Old roses : an always actual glamour

Charm of the ancient. The collection of ancient roses of Nino Sanremo enterprise in Italy.




Texto © Giuseppe Mazza


English translation by Mario Beltramini


It is impossible not to become fond of roses, when meeting the brothers Francesco and Rinaldo Sartori, of the NINO SANREMO.

The recent motto of the farm, “In the name of the rose”, is something more than a slogan: it’s a “family philosophy”, with old roots, which take us to the time of the czars, when by the end of the nineteenth century, their grandfather was despatching, in the depths of winter, by train, to Russia, romantic bunches of roses wrapped in wet paper, old “queens of the cut flower”, such as the ‘Safrano’, the ‘Van Houtte’, the ‘Ulrich Brunner’, or the ‘General Schablikine’.

In those times, the production took place, all, in open air. The first “greenhouses”, with wood frameworks, date back, in fact, to the end of the thirties; and it is only after the second world war, that their dad, Giovanni, Nino, for the friends, realized the convenience of warming them up with rudimentary coal stoves, which had to be nourished every three hours, even during the night.

The sacrifices were, quite soon, rewarded, and after having produced for years, with success, the ‘Gloria di Roma’, a variety created by a San Remo hybridizer, it was Nino who introduced and cultivated, for the first, in Italy, the famous ‘Baccarà’, of the Meilland, which is still now synonym of “cut rose”.

And even if the farm which now bears his name, was later on compelled to follow other ways, the brothers Sartore never left the old plants of grand-dad, placing them, side by side, little by little, as a hobby, with the most prestigious and rustic roses of the good old days, selected with patience, for years, with an amateurish fervour and professional expertise. A collection of more than 150 species and varieties, which, recently, in order to satisfy the requests of the market, the NINO SANREMO has decided to commercialize and reproduce.

We get the most of them, Rinaldo explains to me, directly by cutting. They are, therefore, plants which can do without the graft carrier. Which means, practically, a very simple maintenance, accessible to everybody.

It is not necessary to identify and extirpate periodically between the leaves the “basal shoots”, the insidious branches of the graft carrier, which deduct energy from the rosary, and very often, they do not even need pruning.

If we exclude the varieties with prolonged stems and single flowers, like the ‘Peace’, or the already cited “Queens of the cut flower”, they are in fact plants which are self renewing, and must be left growing undisturbed.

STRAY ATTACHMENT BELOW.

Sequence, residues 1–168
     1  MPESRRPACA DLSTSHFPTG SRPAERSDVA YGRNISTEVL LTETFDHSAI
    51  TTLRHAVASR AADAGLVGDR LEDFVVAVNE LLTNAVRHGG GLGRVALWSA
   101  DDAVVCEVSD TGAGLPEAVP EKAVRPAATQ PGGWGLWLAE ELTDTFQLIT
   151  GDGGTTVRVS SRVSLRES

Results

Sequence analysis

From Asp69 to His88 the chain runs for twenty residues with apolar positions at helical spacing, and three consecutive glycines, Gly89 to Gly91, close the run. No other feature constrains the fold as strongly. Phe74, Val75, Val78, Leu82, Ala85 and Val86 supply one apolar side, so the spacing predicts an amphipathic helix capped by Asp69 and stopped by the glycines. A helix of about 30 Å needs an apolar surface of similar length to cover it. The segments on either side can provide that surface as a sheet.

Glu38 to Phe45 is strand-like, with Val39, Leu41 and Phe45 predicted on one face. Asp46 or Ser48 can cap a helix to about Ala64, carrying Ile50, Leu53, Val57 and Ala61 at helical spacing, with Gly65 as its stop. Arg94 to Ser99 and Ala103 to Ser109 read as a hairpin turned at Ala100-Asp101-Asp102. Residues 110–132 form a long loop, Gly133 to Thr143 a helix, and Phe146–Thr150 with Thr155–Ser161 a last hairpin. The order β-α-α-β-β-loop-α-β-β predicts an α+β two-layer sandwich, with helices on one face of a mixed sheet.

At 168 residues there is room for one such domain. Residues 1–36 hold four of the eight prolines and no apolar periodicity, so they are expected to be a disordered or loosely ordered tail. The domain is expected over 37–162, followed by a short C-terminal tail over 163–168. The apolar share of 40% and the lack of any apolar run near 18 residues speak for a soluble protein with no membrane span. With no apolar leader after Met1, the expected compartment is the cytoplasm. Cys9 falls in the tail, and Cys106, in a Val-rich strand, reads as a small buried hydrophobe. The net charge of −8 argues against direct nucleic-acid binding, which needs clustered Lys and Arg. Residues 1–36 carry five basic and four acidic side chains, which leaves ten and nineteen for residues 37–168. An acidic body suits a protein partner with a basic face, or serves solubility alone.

The botanical roses, the climbers, and almost all the hybrids of Rosa rugosa, do not appreciate to be cut, and some species, like the Rosa sericea omeiensis, if pruned drastically, will die.

He shows me the piece of ground with the mother plants. Between the “ancient miniatures”, strikes the number of the petals of the ‘Pink Grootendorst’, firm as a carnation, and the incredible flowering of the roses banksiae, strong varieties, climbers, between which is conspicuous the “Lutescens”, with the little sunny corollas, and the “Alba plena”, loaded of white pompons.

It can reach, in a few years, the 8-10 metres of height, and a legendary San Remo specimen, leant on an old cypress, now dead, resuscitates it, every year, like on a feast, up to the top.

The simple, 5 petals roses, spend treasures of fantasy for being noticed. Some of them, like the ‘Mermaid’, or the ‘Complicata’, overcome the structural poverty, with corollas of 10 cm of diameter; others wager on gaudy matchings of colours, such as the Rosa foetida bicolor, or boast even some changing petals, like the ‘Mutabilis’, with sulphur yellow flowers, similar to butterflies, which, with the time, gradate to the pink, to finally dye with a nice auburn crimson.

Are surprising, the ancient colours of the ‘Cantabrigiensis’, of the ‘Scabrosa’, or of the ‘Frau Dagmar Hastrup’, and the tufts of the ‘Ballerina’, not taller than 80 cm, covered of small pink flowers, changing to the red.

The Rosa chinensis ‘Viridiflora’, by sure not attractive, is a botanical curiosity. With its green corollas, spotted of rust, reminds us that the petals are not anything else than transformed leaves: the “advertising apparatus”, of the plants, to render easily available and ready for the pollination their little sexual organs.

Close to the ‘Marie Van Houtte’, the ‘Ulrich Brunner’, and the ‘General Schablikine’, of the grandfather, which were blossoming in San Remo in open air from February to late autumn, I pass in review centenarian varieties, like the famous ‘Chapeau de Napoléon’ of 1826, the ‘Cardinal de Richelieu’ of 1840, the ‘Bourbon Queen’, of 1834, the ‘Salet’, of 1854, or the ‘Cuisse de nymphe emue’, created, even, in 1600.

Most of them, nevertheless, coming from the beginning of the century, are a small group, with the ‘Maigold’, the ‘Golden showers’, and the ‘Peace’, maybe, 40 years old, which is the minimum limit of age, fixed by the NINO SANREMO for belonging to the “Old rosary”.

There is, then, an illustrious exception: the ‘Pierre de Ronsard’, a rose “created on the table”, by the Meilland, in the “remote” 1988, to meet the requirements of the public, which wants now roses with an old look, with the rusticity and the reflourishing of the modern roses.